HP Outlines Plan For Getting Enterprise Services Back On Track7:50 PM EST Mon. Oct. 08, 2012
Hewlett-Packard's Enterprise Services division is going to be hit hard in the coming fiscal year, but HP CEO Meg Whitman and her executive team say they are on track to fix the business unit's problems.
Enterprise Services, which includes assets from HP's $13.9 billion acquisition of EDS in 2008, has been hampered by internal inefficiency, an outdated sales model and slowing demand for IT services, Whitman said last week in HP's annual meeting with Wall Street analysts.
Overall, Enterprise Services revenue is expected to drop 11 to 13 percent in fiscal 2013, with an operating margin of 0 to 3 percent. That's down significantly from fiscal 2010, when the unit reported an operating margin of 10 percent.
To stem the decline, HP is planning to implement new systems for managing Enterprise Services employees and matching them to customer assignments, Whitman said at the event.
Whitman said outdated internal systems in particular have been preventing the Enterprise Services unit from reaching its potential. "This is putting us behind the 8 ball. In the Enterprise Services business, they have been struggling four years without a labor demand system," she told analysts.
In 2013, HP is implementing a new operational model for Enterprise Services in which salespeople for the unit's top 200 customers will be more accountable for revenue, cost and profit, Whitman said.
Mike Nefkens, acting head of HP Enterprise Services, said HP is looking to increase its skills in cloud, security and information management and analytics. HP is investing in a specialized sales team with expertise in these technology areas.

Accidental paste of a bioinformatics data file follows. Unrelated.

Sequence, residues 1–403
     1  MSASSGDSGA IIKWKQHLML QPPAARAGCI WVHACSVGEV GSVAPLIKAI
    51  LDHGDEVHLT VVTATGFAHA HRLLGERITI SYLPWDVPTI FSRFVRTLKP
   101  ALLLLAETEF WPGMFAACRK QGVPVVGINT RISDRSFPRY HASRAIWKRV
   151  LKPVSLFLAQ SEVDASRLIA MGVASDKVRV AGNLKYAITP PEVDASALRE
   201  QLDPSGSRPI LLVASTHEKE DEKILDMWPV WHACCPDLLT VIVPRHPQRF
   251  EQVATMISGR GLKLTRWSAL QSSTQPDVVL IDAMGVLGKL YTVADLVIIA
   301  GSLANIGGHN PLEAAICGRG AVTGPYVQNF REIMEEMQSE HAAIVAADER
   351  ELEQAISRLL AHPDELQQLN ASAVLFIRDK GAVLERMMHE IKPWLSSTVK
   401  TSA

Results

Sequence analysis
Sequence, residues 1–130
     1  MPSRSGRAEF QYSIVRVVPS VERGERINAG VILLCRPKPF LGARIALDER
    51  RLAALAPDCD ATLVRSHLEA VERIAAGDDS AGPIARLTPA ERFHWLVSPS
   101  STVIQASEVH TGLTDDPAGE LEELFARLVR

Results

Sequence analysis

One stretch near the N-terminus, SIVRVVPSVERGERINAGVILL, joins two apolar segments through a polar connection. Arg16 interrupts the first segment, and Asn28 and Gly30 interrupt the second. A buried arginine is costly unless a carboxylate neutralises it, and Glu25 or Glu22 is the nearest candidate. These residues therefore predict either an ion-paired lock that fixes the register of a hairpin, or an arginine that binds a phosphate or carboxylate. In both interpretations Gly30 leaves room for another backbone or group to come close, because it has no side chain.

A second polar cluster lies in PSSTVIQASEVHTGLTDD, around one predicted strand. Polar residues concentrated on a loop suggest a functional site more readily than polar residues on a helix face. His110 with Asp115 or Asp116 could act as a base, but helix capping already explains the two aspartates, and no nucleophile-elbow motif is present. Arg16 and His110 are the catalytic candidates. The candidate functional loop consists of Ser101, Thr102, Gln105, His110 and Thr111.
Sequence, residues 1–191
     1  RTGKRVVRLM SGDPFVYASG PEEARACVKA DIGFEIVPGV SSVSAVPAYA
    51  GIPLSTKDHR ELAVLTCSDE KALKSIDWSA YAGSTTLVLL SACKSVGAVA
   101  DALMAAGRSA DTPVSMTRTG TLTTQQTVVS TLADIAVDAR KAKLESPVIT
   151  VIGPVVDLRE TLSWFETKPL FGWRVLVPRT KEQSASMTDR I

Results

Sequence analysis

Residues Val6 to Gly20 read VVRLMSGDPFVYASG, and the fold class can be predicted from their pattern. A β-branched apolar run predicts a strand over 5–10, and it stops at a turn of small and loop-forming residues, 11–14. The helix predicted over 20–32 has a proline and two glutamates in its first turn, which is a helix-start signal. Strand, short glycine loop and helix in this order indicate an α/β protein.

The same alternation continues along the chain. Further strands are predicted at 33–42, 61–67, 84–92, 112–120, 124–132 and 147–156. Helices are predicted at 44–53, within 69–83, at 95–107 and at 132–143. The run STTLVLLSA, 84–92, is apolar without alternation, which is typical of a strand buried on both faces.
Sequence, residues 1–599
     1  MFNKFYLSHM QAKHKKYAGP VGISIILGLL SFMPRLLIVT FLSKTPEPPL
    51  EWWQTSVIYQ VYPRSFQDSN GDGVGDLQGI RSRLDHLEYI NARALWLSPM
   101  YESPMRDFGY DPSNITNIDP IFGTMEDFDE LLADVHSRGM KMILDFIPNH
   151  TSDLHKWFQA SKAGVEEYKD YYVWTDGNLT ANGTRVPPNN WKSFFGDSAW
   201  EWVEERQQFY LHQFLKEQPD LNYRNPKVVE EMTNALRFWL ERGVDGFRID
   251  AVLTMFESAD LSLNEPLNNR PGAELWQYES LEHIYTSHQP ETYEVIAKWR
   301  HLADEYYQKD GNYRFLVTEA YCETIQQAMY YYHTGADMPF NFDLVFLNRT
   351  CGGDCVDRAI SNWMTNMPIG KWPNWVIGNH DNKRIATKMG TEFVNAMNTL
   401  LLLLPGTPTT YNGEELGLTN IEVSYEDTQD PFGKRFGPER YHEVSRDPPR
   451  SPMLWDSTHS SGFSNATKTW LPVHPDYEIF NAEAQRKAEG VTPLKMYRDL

These changes, Nefkens said, should have a positive impact on Enterprise Services in fiscal 2013.
"Our recent financial performance is not an accurate representation of our potential to successfully run IT services," Nefkens told analysts.
Patrick Moorhead, president and principal analyst at Moor Insights & Strategy, believes HP should steer Enterprise Services toward developing a public cloud offering. "They have very similar types of resources you would need to pull this off, particularly in a fully integrated data center," he told CRN.
NEXT: Pressures On Enterprise Services Business
HP's 2013 Enterprise Services outlook was dented by four major customers re-negotiating contracts and taking some operations in house, according to Nefkens. He said HP will increase its focus on lower-risk, higher-margin deals in the coming fiscal year, which begins Nov. 1.
HP acquired EDS in 2008 for $13.9 billion as part of former CEO Mark Hurd's quest to battle IBM in services, but last month wrote down $8 billion from the deal. CRN reported last month that HP had been looking for a buyer for EDS, but HP denied this was the case and said EDS is not for sale.
HP is confident that by revamping its internal sales systems and restructuring its accountability model for Enterprise Services reps, it can boost operating margin back into the 7 to 9 percent range, HP's Nefkens told analysts.
HP Enterprise Services has "global scale and market presence," which is something HP's competitors will have a tough time matching, Nefkens said.
"We handle mission critical work, and we can handle it anywhere in the world. We are the trusted adviser for our clients every day," Nefkens told analysts.
PUBLISHED OCT. 8, 2012